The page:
Taking a closer look at a Football League personality this week is Matt Rowson, co-pen of Watford blog BHaPPY (whose precursor was BSaD, the site that originally got me [Lloyd] interested in football writing). This morning, Matt considers the recent rise of Academy graduate and next great Hornets hope Sean Murray.
Watford are not the only side with a decent track record in terms of producing its own talent, but we do it rather well. Teenage striker Britt Assombalonga recently became the fiftieth Academy product to be given his Watford debut since its inception in 1998, a rate of roughly 3.5 per season. Manchester United winger Ashley Young is the most celebrated but the vast majority are still playing professionally, as are a number of Academy products who never made the first team at Vicarage Road.
Going back further, David James and Tim Sherwood are just two of a huge number to have come through the ranks and enjoy professional careers in the top divisions of the English game. Most famously, John Barnes spent a thrilling six years in Watford’s first team. Although admittedly signed from Sudbury Court a mere three months before he burst into the senior side, he was nonetheless only seventeen years old.
But the world has changed since Barnes ripped Chelsea up on his full debut at Stamford Bridge in 1981. It has changed since Ashley Young’s debut goal against Millwall in 2003. Thanks to the immediacy of information and ease of communication, thanks to YouTube, Watford fans have been anticipating Sean Murray for a very long time. Sean is 18.
Born locally, Murray made a rapid impact in Watford’s youth team. This goal was scored against Chelsea shortly after his sixteenth birthday. He signed a professional contract, still aged 16, in the summer of 2010, and the following season was a significant force as the Hornets made the quarter finals of the FA Youth Cup, this goal his second in a fifth round win at Craven Cottage. Early interest from Manchester City was rapidly rebuffed.
One of Malky Mackay’s last decisive acts as Watford manager was to award Murray his debut, as a late substitute against Queens Park Rangers in the final home game of 2010-11. By this point expectation had been built to such an extent that voices behind me in the stand were betting on the likelihood of Murray coming on and breaking the deadlock; a blessing in disguise, perhaps, that Adel Taarabt opened the scoring while Murray was waiting on the touchline.
But that’s the point, that’s what’s changed. We hadn’t heard of Barnes before he appeared on the bench in 1981. Ashley Young’s name had been mentioned in dispatches, but not to nearly this extent. Amplifying the pressure on a young prospect like Murray is the focus of attention, expectation, which even his most elaborately talented predecessors had been spared.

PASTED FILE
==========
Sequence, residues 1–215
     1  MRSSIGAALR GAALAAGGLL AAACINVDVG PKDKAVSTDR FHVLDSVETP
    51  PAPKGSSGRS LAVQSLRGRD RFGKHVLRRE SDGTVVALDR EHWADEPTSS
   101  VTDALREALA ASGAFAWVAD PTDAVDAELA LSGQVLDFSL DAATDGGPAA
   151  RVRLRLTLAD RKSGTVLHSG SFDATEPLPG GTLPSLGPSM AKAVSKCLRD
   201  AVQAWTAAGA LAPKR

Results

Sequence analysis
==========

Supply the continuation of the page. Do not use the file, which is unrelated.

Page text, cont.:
We watched and waited. Murray received the ball on the edge of the QPR area, his back to goal with a defender in close attendance. In one smooth and yet instantaneous move he spun sideways and backwards into space, taking the ball with him, now facing the play and conducting it. No nerves here. A full debut on the closing day at Preston and the stage was set for 2011-12.
His impact was somewhat delayed. Sean Dyche took over in the summer and, faced with the loss of much of Watford’s attacking threat in Danny Graham, Don Cowie and Will Buckley he set out to make the side solid. He succeeded too, but the chances offered to Watford’s youngsters were greatly limited, partly by circumstances and partly by strategy. Murray, whose involvement for the first half of the campaign was limited to two minutes of a woeful defeat at home to Forest, became one of the poster boys for the neglected youth as Dyche’s workmanlike side struggled for creativity.
Then suddenly, on the most dramatic stage of our season, he was back in focus again. Tottenham came to Vicarage Road in the FA Cup Fourth round in full flight; a narrow defeat at Man City their only reverse in ten. The Hornets were struggling, a third round win over Bradford puncturing a run of three league defeats. Dyche decided that the time was right.
Murray was in from the start, and played a part in the Hornets giving Spurs a far tougher game than might have been anticipated. It was nearly fairytale stuff, as a sweet second half move found Murray clear on the left of the area, curling the ball around Carlo Cudicini, reeling away in celebration with the crowd rising … as the ball rebounded off the inside of the post. Instead, Rafael van der Vaart’s deceptive strike got Spurs out of jail, as Harry Redknapp candidly admitted.
Murray started all but two of the remaining nineteen fixtures, missing a fortnight through injury. Watford lost one of those seventeen games. It would be misrepresentative of an astonishing run of team form to give Murray all the credit, but his impact was beyond dispute. Most visible of his contributions was a vicious array of set pieces: three of his seven goals came direct from free kicks, his dead balls created four goals for others.
But there’s more than that. Small and slight, he has deceptive body strength, a gritty competitiveness, tight control, an extravagant range of passes and breathtaking awareness. In a division where a solid base with a sprinkling of magic dust is a decent recipe for promotion, the Hornets have every cause to look forward to next season positively.
During the final day victory over Middlesbrough, Murray received a long pass from behind, flicked it in front of himself with one touch and played an accurate cross field ball in the same movement, to a standing ovation. He signed a three-and-a-half year contract in March; with vultures already circling it would be a brave man who bets on him seeing that out. Such is the way of the world. For the moment we just watch and enjoy.